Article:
Your life is a parable.

Paul is aware of this fact. To the Ephesians he begins by giving what seems to be advice for marital relationships between a husband and wife but then concludes by saying, "It is a great mystery ... I speak concerning Christ and the church." - Ephesians 5:22-32

Imagine that. Humans had been getting married for ages completely unaware that the everyday concept of marriage concealed a great mystery about Jesus and his congregation. This is just a small bit of a larger whole because as Christians everything in our lives has spiritual meaning. Our whole life becomes a sacrifice and an act of worship and even in simple everday things like eating and drinking we can glorify God.

"Therefore, I urge you, brothers, in view of God’s mercy, to offer your bodies as living sacrifices, holy and pleasing to God—this is your spiritual act of worship." - Romans 12:1

"Therefore, whether you eat or drink, or whatever you do, do all to the glory of God." - 1 Corinthians 10:31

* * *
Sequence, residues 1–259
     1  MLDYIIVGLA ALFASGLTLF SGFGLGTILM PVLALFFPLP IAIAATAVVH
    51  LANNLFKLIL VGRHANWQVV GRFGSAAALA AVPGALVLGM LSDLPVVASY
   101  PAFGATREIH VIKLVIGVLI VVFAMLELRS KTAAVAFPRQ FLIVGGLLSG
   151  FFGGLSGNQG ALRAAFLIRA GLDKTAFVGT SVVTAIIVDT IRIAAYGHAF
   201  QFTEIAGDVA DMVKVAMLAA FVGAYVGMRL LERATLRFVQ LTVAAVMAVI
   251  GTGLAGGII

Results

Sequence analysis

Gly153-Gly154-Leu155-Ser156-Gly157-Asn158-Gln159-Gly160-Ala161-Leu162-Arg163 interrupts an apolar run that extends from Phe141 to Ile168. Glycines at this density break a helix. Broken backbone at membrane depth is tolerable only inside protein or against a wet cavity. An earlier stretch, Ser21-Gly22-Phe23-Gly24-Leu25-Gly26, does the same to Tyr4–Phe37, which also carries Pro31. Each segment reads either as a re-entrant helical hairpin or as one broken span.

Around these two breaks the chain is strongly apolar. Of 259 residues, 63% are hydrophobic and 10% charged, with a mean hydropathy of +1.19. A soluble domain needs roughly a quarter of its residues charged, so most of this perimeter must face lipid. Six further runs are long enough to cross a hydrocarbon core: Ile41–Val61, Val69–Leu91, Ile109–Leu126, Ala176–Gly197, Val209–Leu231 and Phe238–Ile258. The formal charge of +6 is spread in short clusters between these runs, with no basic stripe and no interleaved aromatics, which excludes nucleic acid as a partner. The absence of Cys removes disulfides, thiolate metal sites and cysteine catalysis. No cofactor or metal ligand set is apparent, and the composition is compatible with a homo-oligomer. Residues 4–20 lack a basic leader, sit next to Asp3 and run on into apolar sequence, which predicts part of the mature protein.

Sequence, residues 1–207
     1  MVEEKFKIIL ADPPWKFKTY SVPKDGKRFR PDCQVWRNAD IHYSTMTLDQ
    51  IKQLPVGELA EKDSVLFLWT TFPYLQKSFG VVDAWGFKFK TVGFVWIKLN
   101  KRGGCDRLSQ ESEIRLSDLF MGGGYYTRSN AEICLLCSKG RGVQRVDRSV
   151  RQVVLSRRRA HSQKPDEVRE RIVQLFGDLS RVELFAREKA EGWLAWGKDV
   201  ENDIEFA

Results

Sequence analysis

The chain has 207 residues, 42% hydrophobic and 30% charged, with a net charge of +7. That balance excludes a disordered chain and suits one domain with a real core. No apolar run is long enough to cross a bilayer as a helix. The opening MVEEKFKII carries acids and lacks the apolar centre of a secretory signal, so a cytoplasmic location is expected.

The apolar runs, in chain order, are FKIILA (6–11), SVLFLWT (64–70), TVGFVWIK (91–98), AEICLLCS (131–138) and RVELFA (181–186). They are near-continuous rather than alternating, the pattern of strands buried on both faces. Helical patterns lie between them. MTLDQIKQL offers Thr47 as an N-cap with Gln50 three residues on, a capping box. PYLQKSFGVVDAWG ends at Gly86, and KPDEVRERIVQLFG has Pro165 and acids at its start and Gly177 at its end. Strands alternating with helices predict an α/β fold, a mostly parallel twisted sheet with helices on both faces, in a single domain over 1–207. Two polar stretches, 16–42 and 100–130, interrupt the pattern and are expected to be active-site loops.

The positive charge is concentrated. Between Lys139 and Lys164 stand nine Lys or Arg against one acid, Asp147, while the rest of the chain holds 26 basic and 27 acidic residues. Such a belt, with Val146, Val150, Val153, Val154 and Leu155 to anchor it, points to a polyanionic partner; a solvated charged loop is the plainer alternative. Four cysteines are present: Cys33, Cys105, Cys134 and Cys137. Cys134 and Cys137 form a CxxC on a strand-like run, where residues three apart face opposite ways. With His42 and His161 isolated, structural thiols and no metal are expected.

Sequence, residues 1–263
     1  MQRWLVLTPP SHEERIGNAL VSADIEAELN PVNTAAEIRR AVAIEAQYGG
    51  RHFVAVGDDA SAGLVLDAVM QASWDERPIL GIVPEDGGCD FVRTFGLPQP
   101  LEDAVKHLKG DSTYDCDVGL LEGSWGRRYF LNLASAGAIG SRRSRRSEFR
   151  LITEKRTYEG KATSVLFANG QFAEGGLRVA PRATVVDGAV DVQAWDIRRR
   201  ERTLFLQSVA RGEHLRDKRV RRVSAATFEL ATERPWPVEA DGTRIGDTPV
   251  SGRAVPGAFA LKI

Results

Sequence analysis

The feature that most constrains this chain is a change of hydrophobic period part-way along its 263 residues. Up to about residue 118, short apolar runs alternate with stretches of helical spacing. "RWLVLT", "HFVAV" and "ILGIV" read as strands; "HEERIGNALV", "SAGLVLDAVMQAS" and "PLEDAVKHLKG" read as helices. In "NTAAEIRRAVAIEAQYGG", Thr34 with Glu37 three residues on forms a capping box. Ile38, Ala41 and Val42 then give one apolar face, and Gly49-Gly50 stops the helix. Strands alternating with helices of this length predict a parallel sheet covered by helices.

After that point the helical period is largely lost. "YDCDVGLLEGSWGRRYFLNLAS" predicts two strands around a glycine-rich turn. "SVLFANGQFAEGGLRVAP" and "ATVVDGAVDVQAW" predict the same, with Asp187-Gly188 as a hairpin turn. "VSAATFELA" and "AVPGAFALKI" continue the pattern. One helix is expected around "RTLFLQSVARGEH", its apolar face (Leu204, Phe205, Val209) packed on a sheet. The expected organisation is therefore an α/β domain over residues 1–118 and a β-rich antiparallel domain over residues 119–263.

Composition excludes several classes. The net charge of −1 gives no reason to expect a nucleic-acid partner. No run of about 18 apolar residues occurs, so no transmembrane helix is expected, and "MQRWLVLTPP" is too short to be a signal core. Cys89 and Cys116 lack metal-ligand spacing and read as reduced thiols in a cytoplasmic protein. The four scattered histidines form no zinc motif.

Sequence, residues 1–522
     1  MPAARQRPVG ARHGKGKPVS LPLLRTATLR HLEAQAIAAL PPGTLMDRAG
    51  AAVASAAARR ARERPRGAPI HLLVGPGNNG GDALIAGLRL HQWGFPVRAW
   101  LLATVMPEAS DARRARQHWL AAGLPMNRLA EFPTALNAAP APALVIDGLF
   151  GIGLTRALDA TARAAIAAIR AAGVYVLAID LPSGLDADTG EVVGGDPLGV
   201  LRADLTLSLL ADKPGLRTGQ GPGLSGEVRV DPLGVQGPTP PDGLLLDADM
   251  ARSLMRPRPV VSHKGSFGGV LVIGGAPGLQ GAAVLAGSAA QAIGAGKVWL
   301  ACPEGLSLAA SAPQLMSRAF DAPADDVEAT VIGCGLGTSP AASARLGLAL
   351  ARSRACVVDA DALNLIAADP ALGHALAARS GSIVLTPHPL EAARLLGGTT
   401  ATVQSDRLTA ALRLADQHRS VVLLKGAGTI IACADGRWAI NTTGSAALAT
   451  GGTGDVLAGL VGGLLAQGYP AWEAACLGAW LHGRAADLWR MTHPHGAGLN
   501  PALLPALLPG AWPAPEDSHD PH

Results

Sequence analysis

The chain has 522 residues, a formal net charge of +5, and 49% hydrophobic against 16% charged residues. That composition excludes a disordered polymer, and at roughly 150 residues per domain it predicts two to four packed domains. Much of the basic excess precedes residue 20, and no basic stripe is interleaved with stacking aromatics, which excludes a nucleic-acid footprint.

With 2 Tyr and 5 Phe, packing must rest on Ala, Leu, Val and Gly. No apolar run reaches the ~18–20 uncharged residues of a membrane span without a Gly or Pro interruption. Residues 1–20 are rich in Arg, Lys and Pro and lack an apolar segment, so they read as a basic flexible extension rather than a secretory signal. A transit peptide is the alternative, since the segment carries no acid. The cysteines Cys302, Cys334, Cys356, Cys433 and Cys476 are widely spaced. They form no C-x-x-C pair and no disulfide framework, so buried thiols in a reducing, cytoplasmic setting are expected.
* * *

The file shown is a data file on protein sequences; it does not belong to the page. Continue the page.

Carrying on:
Tuesday, August 28, 2007

Look A Body Of Water ...

It is my joy to say that I underwent water baptism this Sunday. Before I speak about it I would like to talk about what brought me to this point in my life.

It was actually the second time I have been baptised by water. I was originally baptised as one of Jehovah's Witnesses as a young teenager. When your parents are Jehovah's Witnesses typically there is subtle pressure for a young Witness to get baptised, around the age of sixteen, if not sooner. This is particularly true when the father in the family is serving as a Ministerial Servant (Deacon) or an Elder. If their children do not take a public stand of faith by baptism the congregation may view the parent as not "presiding over his household in a fine manner" and thus they may be pressured to step aside from their congregation responsibilities. There is also pressure in a peer group. It is not unusual that if one teenager in a congregation decides to get baptised that his friends will follow. Again, sometimes this segways into parental pressure. If a Witness youth puts off baptism they may begin to be viewed as "bad association" and their peers in the congregation may be discouraged from spending too much time socializing with them.